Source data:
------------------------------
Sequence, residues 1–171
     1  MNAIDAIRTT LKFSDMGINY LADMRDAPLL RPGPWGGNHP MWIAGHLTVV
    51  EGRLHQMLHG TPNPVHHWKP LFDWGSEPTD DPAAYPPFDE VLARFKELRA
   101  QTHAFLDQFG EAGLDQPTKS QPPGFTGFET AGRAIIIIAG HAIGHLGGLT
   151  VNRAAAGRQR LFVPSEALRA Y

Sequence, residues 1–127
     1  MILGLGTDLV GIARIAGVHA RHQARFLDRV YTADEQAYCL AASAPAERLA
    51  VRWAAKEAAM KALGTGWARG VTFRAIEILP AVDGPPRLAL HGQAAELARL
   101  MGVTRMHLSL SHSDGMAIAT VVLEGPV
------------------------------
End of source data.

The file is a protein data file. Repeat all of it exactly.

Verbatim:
Sequence, residues 1–171
     1  MNAIDAIRTT LKFSDMGINY LADMRDAPLL RPGPWGGNHP MWIAGHLTVV
    51  EGRLHQMLHG TPNPVHHWKP LFDWGSEPTD DPAAYPPFDE VLARFKELRA
   101  QTHAFLDQFG EAGLDQPTKS QPPGFTGFET AGRAIIIIAG HAIGHLGGLT
   151  VNRAAAGRQR LFVPSEALRA Y

Sequence, residues 1–127
     1  MILGLGTDLV GIARIAGVHA RHQARFLDRV YTADEQAYCL AASAPAERLA
    51  VRWAAKEAAM KALGTGWARG VTFRAIEILP AVDGPPRLAL HGQAAELARL
   101  MGVTRMHLSL SHSDGMAIAT VVLEGPV